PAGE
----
The standard deviation, when first presented, may not be too simple to interpret. By graphing your data, you can get a better “feel” for the deviations and the standard deviation. You will find that in symmetrical distributions, the standard deviation can be very helpful but in skewed distributions, the standard deviation is less so. The reason is that the two sides of a skewed distribution have different spreads. In a skewed distribution, it is better to look at the first quartile, the median, the third quartile, the smallest value, and the largest value.

## 3.5 Exercises

**Exercise 3.1 **Three sequences of data were saved in 3 `R`

objects named “`x1`

”, “`x2`

” and “`x3`

”, respectively. The application
of the function “`summary`

” to each of these objects is presented below:

```
> summary(x1)
Min. 1st Qu. Median Mean 3rd Qu. Max.
0.000 2.498 3.218 3.081 3.840 4.871
> summary(x2)
Min. 1st Qu. Median Mean 3rd Qu. Max.
0.0001083 0.5772000 1.5070000 1.8420000 2.9050000 4.9880000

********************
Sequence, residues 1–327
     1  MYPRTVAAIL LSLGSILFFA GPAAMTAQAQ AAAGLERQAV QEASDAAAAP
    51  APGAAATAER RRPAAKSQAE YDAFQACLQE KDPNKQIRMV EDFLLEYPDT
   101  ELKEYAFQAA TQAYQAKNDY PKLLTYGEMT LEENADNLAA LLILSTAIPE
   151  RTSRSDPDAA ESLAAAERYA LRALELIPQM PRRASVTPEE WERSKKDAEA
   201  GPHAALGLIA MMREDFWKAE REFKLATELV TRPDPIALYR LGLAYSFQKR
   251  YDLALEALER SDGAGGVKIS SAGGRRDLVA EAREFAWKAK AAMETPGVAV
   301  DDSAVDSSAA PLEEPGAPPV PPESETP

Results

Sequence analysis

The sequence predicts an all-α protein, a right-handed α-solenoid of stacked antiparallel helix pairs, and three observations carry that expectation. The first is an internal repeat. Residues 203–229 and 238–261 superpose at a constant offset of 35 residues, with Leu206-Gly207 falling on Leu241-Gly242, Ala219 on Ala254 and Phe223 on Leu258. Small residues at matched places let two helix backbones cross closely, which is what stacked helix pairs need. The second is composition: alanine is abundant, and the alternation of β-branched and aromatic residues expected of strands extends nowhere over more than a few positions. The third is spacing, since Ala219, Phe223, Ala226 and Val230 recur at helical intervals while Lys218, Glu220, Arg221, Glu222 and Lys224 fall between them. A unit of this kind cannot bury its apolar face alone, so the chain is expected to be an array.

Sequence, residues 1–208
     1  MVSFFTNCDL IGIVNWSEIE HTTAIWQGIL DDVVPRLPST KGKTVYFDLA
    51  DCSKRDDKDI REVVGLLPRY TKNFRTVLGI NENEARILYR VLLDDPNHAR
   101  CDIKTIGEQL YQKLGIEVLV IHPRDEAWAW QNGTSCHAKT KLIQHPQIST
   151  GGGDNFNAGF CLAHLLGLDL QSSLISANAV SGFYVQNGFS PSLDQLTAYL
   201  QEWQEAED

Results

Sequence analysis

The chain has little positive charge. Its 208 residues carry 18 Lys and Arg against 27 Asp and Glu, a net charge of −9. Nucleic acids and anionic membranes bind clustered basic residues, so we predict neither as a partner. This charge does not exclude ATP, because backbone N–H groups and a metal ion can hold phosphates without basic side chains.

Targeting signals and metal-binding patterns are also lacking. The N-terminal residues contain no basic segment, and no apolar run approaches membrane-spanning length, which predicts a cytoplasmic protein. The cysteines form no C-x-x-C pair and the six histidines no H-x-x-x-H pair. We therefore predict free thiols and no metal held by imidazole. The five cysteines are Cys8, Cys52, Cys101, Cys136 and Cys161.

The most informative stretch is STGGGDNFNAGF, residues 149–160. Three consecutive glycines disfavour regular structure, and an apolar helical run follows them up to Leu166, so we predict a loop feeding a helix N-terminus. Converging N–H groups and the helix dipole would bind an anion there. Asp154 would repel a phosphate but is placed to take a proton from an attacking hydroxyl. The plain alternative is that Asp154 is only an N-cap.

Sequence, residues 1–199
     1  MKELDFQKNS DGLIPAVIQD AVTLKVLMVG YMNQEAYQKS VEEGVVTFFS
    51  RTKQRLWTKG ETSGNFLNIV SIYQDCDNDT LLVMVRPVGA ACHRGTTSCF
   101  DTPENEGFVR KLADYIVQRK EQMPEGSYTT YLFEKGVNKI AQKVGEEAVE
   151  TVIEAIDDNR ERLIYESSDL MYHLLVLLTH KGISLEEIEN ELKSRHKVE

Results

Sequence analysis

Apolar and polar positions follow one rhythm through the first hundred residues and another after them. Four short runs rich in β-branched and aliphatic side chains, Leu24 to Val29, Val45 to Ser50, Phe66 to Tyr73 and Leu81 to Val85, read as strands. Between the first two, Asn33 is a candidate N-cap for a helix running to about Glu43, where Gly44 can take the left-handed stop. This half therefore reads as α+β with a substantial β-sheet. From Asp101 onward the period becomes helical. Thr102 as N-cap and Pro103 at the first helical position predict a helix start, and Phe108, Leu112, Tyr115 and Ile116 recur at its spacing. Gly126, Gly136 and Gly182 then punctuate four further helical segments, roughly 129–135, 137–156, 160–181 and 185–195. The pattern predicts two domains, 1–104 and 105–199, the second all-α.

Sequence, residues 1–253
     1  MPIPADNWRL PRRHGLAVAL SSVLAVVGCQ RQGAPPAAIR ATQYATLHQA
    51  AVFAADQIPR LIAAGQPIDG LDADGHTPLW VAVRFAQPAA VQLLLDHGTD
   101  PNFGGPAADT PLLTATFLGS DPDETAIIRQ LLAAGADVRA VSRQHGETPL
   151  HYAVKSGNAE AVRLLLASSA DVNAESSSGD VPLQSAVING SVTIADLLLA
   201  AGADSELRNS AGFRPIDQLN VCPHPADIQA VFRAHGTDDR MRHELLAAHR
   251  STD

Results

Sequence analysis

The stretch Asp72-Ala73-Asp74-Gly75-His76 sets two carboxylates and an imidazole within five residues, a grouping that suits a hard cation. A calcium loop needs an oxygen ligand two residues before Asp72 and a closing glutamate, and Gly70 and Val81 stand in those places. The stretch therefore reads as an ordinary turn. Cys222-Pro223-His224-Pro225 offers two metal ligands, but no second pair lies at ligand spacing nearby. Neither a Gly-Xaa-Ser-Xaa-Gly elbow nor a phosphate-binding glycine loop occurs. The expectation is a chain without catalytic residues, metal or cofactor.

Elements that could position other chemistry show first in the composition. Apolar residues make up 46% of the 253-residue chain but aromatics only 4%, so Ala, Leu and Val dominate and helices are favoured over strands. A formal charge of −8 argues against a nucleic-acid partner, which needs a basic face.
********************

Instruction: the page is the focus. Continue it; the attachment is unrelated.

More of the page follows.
> summary(x3)
Min. 1st Qu. Median Mean 3rd Qu. Max.
2.200 3.391 4.020 4.077 4.690 6.414
```

In Figure 3.3 one may find the histograms of these three data sequences, given in a random order. In Figure 3.4 one may find the box plots of the same data, given in yet a different order.

Match the summary result with the appropriate histogram and the appropriate box plot.

Is the value 0.000 in the sequence “

`x1`

” an outlier?- Is the value 6.414 in the sequence “
`x3`

” an outlier?

**Exercise 3.2 **The number of toilet facilities in 30 buildings
were counted. The results are recorded in an `R`

object by the name
“`x`

”. The frequency table of the data “`x`

” is:

```
> table(x)
x
2 4 6 8 10
10 6 10 2 2
```

What is the mean (\(\bar x\)) of the data?

What is the sample standard deviation of the data?

What is the median of the data?

What is the inter-quartile range (IQR) of the data?

- How many standard deviations away from the mean is the value 10?

## 3.6 Summary

### Glossary

- Median: